In the Nintendo Direct in September 2019, Nintendo confirmed that Dragon Warrior, and Dragon Quest II and III, would be released on the Nintendo Switch on September 27, 2019.[70]

Related media[]

Dragon Warrior has inspired related media in the form of a manga series, which has been adapted to anime, and a symphonic video game soundtrack.

Anime and manga[]

The manga series, Dragon Quest Retsuden: Roto no Monshō (ドラゴンクエスト列伝 ロトの紋章, Dragon Quest Saga: Emblem of Roto), was written by Chiaki Kawamata and Junji Koyanagi, with artwork by Kamui Fujiwara, and was published between 1991 and 1997 by Monthly Shōnen Gangan.[71] Enix compiled the series into 21 volumes,[72] which were later released on compact disc in 1994. It was released on December 11, 2009 for the PlayStation Store as part of the initial launch of Sony's digital comic distribution.[73] In 1996, an anime movie based on the manga was released on videocassette.[74] Square Enix started publishing a sequel series, Dragon Quest Retsuden: Roto no Monshō ~Monshō o Tsugumono-tachi e~ (ドラゴンクエスト列伝 ロトの紋章 ~紋章を継ぐ者達へ~, Dragon Quest Retsuden: Emblem of Roto – To the Children Who Inherit the Emblem), in 2005.[75]  [ja] wrote the first four volumes, and Takashi Umemura wrote the last five; Yuji Horii supervised the manga, and Kamui Fujiwara contributed the artwork.[76]

Dragon Quest Saga: Emblem of Roto takes place between Dragon Warrior III and Dragon Warrior. After monsters possessed Carmen's king for seven years, the kingdom fell to the hordes of evil. The only survivors were Prince Arus and an army General's daughter, Lunafrea. Meanwhile, in the Kingdom of Loran, a child is born and is named Jagan in accordance with the demon lord Imagine's orders. Arus and Lunafrea set out to defeat the monsters and restore peace to the world.[77] The sequel, To the Children Who Inherit the Emblem, takes place five years after the events in Dragon Quest Saga: Emblem of Roto. The world is again in chaos and a young boy, Arosu (アロス), sets out to gather companions to help him save the world from evil.[76]


Koichi Sugiyama composed and directed the music for Dragon Warrior.[37] The soundtrack included eight tracks, which RPGFan said was "the foundation for Sugiyama's career".[78] The pieces were arranged and incorporated into later Dragon Warrior games' soundtracks.[78] The music has been released in a variety of formats. The first is as a Drama CD, released by Enix on July 19, 1991, which incorporated a narrated story.[79][80] Super Famicom Edition Symphonic Suite Dragon Quest I, published by Sony Records on January 12, 1994, followed; the soundtrack featured orchestral versions of the tracks played by the London Philharmonic Orchestra and the original versions of the tunes.[81] The game's classical score was considered revolutionary for console game music.[82] The soundtrack's "eight melodies" approach set the template for most RPG soundtracks released since then, hundreds of which have been organized in a similar manner.[83]

The orchestral albums for Dragon Warrior I and II were combined in Symphonic Suite Dragon Quest I•II, released by SME Visual Works on August 23, 2000, King Records reprinted it on October 7, 2009.[84] The orchestral tracks were again released in the Symphonic Suite Dragon Quest I album, including orchestral versions of the game's sound effects.[78] Numerous live concerts have featured performances of the game's music; many performances were later released as albums such as Dragon Quest in Concert and Suite Dragon Quest I•II.[85][86]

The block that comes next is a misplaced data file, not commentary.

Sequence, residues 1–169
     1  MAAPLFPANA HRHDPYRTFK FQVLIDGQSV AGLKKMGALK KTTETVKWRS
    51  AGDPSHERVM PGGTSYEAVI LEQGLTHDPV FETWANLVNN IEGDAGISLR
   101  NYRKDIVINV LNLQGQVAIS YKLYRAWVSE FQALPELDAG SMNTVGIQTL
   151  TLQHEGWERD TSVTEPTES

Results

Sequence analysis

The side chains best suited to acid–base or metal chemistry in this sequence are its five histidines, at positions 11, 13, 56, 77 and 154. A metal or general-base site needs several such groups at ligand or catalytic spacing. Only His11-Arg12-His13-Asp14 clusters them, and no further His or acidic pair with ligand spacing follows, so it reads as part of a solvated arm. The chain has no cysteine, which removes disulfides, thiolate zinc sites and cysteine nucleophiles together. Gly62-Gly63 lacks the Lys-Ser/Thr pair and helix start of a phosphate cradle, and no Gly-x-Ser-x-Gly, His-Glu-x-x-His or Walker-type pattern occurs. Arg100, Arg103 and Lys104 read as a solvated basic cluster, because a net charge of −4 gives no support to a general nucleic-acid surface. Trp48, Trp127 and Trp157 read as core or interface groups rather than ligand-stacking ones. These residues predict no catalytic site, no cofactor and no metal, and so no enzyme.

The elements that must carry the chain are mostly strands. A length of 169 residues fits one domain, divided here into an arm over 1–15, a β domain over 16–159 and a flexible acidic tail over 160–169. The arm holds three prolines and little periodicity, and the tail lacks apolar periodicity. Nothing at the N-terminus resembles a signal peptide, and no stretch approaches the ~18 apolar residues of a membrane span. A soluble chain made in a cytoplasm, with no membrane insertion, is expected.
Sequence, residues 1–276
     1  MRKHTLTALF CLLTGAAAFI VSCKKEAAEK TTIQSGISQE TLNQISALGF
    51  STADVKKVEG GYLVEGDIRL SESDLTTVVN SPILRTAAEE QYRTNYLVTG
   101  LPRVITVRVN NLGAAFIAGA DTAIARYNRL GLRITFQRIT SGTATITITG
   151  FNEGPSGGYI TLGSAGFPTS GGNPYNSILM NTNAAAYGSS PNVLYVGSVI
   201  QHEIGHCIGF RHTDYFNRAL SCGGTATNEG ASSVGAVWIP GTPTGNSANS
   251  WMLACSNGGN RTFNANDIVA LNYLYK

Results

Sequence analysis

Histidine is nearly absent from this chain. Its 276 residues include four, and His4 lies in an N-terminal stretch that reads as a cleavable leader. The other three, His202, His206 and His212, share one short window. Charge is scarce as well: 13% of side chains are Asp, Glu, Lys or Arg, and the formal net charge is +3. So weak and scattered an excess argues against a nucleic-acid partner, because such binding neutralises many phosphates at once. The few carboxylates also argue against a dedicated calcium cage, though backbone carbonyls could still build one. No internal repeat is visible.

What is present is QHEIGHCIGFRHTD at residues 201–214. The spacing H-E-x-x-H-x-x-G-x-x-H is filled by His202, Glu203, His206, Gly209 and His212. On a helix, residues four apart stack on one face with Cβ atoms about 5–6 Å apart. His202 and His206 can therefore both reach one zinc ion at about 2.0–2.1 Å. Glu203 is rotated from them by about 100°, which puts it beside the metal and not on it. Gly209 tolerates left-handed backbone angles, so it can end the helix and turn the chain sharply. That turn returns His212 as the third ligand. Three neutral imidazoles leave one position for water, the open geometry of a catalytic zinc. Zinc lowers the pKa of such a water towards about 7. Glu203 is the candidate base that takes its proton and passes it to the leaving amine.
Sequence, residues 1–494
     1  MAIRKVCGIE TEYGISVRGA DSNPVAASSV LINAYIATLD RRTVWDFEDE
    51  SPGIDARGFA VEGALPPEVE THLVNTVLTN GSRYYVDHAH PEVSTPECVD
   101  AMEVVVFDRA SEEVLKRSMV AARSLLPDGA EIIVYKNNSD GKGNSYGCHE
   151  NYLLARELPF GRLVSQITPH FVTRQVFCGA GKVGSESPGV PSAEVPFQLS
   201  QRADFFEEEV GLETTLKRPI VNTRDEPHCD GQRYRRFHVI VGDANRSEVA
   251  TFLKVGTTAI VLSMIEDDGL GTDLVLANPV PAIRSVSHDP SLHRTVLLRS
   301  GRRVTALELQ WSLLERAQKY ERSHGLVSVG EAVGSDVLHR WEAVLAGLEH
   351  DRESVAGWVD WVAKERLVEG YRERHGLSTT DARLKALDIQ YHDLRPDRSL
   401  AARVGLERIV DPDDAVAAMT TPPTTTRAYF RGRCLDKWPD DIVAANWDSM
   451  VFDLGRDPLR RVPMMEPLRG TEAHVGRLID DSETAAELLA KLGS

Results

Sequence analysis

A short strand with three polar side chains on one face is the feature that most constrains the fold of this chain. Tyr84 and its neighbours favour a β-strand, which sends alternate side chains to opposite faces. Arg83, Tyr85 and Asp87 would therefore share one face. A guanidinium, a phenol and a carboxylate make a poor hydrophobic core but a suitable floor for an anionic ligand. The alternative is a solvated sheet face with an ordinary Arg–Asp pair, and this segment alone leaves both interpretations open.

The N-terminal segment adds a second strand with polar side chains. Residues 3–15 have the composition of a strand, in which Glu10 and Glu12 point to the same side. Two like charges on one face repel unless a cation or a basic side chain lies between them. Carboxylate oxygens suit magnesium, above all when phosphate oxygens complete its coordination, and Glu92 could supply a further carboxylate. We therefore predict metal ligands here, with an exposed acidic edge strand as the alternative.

NES version[]

Initial sales of the game were so low that Enix was going to lose money, but several Shonen Jump articles by Horii helped increase its sales substantially. People liked Toriyama's artwork and Sugiyama's music, which the book Power-Up: How Japanese Video Games Gave the World an Extra Life said "was richer and more exciting than any game music had ever sounded".[33] In Japan, 1.5 million copies of the original version were sold.[94] More than 1 million of those copies were sold within the first six months,[95] It was extremely popular there and launched a huge series with several spin-off series and stand-alone games.

In the first Famitsu Best Hit Game Awards (published February 1987, for 1986 releases), Dragon Quest won the awards for Game of the Year, Best Scenario/Story, Best Character Design, Best Programmer (for Koichi Nakamura), and Best RPG.[93] The 1989 "All Soft Catalog" issue of Famicom Tsūshin (Famitsu) includes Dragon Quest in its list of the best games of all time, receiving the Best RPG and Best Character Design awards, but losing to Dragon Quest III for the overall Grand Prize for best game of all time.[96]

Several years after the Japanese release, the first English version of Dragon Warrior garnered average reviews overall. Nintendo Power rated it about three out of five.[24] It debuted at No. 7 on the magazine's bimonthly "Top 30" top NES games list in November 1989.[97] It climbed to No. 5 in January 1990 and remained there for 4 months;[98][99] it then dropped to No. 11 in May,[100] No. 14 in July,[101] and No. 16 in September 1990, then leaving the list.[102] In the "Nintendo Power Awards 1989", the game was nominated for "Best Theme, Fun" and "Best Overall";[103] but did not win in either category.[104] In response to Japanese youths' arrests while waiting for Dragon Quest III's release, Electronic Gaming Monthly's Quartermann said that the game was not "that special at all", compared it to the NES version of Ultima III: Exodus and recommended that others play that game instead.[105] Though the English version was initially seen as a commercial failure,[58] the Nintendo Power subscription giveaway was eventually a success and allowed Enix to bring the next three games to North America. According to Chris Kohler, Nintendo profited immensely from the giveaway because "Nintendo Power was essentially a hundred-page monthly ad for Nintendo products", and it was now in thousands of households.[50] The game sold about 500,000 copies in the United States,[106] making it the third best-selling 1989 game release in North America, below Nintendo's Tetris and Super Mario Land.[107] In total, Dragon Quest sold more than 2 million copies worldwide.[108][33]